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With the growing consensus in the empirical literature that piracy harms sales, and emerging evidence that increased piracy can affect both the quantity and quality of content produced (here and here for example), governments and industry partners are exploring a variety of ways to reduce the harm caused by intellectual property theft. In addition to graduated response efforts and site shutdowns, Internet intermediaries such as Internet Service Providers, hosting companies, and web search engines are increasingly being asked play a role in limiting the availability of pirated content to consumers. However, for this to […]

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Does Piracy Undermine Product Creation?

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(Below is a guest post by my colleague, Rahul Telang from Carnegie Mellon University) That Piracy undermines demand for products in copyright industries is intuitive and well supported by data. Music, movies, books, software have seen demand degradation due to various forms of piracy. What is not so well supported by data is whether piracy undermines product creation. For example, does piracy reduce the number of movies made, or quality of movies made, or investments in movies? Common sense suggests that this must be true. After all, this is the […]

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2014 TPI Aspen Forum has Ended, but the Videos Live On…

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Did you miss the Aspen Forum this year?  Or, do you just want to watch some of the panels again?  Videos of the panels and keynotes from the 2014 event are now up on the TPI website. Some highlights from Monday night and Tuesday: Comcast’s David Cohen was the Monday night dinner speaker.  In front of a packed room, Cohen spoke about the benefits of the Comcast/TWC deal, vertical and horizontal integration in the industry in general, and even revealed what keeps him up at night (hint: it’s not the communications […]

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Dispatch from the TPI Aspen Forum

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Sunday, August 17 Last night, we kicked off our 2014 Aspen Forum in lovely Aspen, Colorado. Congressman Scott Tipton welcomed attendees to his home state (and his home district).  In his remarks, Tipton discussed the importance of tech in growing small business and the economic impact of regulations, which he estimated to cost $1.8 billion a year.  Rep. Tipton also discussed the importance of broadband penetration in rural areas. Video of his speech, and short remarks from TPI President Thomas Lenard and TPI Board Member Ray Gifford, can be found […]

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The Expendables 3 Leak and the Financial Impact of Pre-Release Piracy

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This past week a DVD-quality copy of the movie The Expendables 3 leaked online three weeks before its planned U.S. theatrical release. According to Variety, the film was downloaded 189,000 times within 24 hours. As researchers, an immediate question comes to mind: how much of a financial impact could movie-makers face from such pre-release piracy? The effect of piracy on the sales of movies and other copyrighted works has long been scrutinized, with the vast majority of peer-reviewed academic papers concluding that piracy negatively impacts sales. Indeed, in a recent […]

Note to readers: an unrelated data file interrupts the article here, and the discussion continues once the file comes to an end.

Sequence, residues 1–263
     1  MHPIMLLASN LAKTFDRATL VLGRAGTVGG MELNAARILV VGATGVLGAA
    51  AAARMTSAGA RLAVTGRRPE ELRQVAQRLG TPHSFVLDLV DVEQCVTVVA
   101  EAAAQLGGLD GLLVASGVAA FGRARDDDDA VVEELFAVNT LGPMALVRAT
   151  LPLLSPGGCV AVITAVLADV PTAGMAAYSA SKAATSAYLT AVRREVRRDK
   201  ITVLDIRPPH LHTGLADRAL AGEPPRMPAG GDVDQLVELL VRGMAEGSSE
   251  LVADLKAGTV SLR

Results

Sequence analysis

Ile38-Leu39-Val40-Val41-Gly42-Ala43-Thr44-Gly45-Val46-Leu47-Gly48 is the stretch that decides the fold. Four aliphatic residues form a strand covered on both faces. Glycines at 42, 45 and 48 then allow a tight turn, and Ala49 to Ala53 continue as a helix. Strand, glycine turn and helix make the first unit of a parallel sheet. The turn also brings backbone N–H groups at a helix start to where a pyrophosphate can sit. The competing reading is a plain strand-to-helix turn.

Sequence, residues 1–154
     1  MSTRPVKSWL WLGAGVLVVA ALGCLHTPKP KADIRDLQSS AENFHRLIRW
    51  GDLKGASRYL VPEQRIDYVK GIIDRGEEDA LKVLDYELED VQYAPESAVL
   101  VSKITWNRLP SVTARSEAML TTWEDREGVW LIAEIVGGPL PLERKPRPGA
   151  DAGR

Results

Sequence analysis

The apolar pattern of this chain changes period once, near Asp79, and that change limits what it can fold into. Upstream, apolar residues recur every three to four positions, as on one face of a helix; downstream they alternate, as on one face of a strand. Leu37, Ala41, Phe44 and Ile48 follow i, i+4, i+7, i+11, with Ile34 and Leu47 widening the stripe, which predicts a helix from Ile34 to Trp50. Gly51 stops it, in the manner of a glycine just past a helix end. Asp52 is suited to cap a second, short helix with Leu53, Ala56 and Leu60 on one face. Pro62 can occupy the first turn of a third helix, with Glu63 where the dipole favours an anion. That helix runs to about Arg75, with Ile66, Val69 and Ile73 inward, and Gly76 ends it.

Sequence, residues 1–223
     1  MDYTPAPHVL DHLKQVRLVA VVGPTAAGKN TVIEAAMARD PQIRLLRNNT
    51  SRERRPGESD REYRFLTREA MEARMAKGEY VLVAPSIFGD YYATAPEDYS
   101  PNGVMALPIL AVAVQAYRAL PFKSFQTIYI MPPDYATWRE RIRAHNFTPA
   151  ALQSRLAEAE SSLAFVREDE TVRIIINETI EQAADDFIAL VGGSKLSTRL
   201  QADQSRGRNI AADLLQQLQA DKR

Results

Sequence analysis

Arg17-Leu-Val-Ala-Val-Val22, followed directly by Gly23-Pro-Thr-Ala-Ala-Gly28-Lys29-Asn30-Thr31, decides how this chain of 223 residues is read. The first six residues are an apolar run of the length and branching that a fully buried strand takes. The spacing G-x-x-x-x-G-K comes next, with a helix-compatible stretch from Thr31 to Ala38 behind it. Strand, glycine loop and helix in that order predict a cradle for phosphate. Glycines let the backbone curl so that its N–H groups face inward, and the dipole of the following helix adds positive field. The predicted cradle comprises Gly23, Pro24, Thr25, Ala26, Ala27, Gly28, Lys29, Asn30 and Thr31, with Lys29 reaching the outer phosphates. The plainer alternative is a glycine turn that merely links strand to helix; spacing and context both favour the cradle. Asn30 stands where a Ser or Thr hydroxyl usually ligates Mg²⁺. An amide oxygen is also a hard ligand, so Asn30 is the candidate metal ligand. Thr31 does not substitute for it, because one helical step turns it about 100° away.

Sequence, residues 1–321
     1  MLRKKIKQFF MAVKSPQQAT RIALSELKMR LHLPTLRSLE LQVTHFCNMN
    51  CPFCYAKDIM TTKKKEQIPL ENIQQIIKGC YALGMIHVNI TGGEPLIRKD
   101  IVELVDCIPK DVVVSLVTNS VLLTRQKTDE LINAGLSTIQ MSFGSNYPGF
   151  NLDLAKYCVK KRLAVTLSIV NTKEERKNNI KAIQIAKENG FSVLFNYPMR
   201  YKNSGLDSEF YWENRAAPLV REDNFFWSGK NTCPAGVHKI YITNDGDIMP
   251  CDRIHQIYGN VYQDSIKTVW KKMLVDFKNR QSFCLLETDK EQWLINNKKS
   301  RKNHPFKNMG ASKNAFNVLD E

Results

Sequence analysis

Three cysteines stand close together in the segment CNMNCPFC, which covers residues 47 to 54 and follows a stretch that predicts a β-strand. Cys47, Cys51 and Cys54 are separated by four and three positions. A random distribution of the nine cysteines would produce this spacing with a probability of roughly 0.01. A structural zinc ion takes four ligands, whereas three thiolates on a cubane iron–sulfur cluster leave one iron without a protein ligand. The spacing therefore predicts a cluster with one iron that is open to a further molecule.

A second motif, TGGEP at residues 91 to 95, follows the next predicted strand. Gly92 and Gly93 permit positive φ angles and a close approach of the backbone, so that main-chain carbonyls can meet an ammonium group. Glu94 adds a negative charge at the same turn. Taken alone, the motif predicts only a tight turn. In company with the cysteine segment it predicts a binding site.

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Takeaways from the White House Big Data Reports

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On May 1, the White House released its two eagerly-awaited reports on “big data” resulting from the 90-day study President Obama announced on January 17—one by a team led by Presidential Counselor John Podesta, and a complementary study by the President’s Council of Advisors on Science and Technology (PCAST).  The reports contain valuable detail about the uses of big data in both the public and private sector.  At the risk of oversimplifying, I see three major takeaways from the reports. First, the reports recognize big data’s enormous benefits and potential.  […]

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Where Do Vendors To Cable Think The Industry Is Heading? Evidence From Cable Show Data In 2014

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Scott Wallsten and Corwin Rhyan For the past five years we have collected data about the exhibitors at the annual NCTA Cable Show from its website.  Each year we analyze trends in the industry through the categories used to classify the exhibitors.  Key observations this year include:        »      The number of exhibitors continues to fall as it has in each of the past 4 years, from 345 in 2010 to 241 in 2014 (Figure 1).        »      Cable Programming, Video on Demand, IPTV, and Multi-Screen Content are the first, […]

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Comcast and Netflix—What’s the Big Deal?

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Netflix and Comcast recently announced an agreement whereby Netflix will pay Comcast for direct access to its network.  This agreement addresses congestion that is slowing delivery of Netflix videos to Comcast’s broadband subscribers and resolves a dispute between the two companies concerning how to pay for the needed network upgrades.  Netflix and Verizon are currently working through a similar dispute.  While some commentators think deals such as the one between Netflix and Comcast are problematic, the reality is that the agreement reflects a common market transaction that yields an outcome […]

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The FCC Tries Yet Again

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FCC Chairman Tom Wheeler’s official response to the DC Appeals Court decision on the Commission’s “net neutrality” rules promises to keep the issue on the table for the foreseeable future.  That is unfortunate, because there are better ways for the Commission and its staff to spend their time. The Appeals Court took away from the Commission with one hand, while giving back with the other:  It struck down the more onerous provisions of the net neutrality rules—the “anti-discrimination” and “anti-blocking” provisions—because they imposed common carrier obligations and broadband is not […]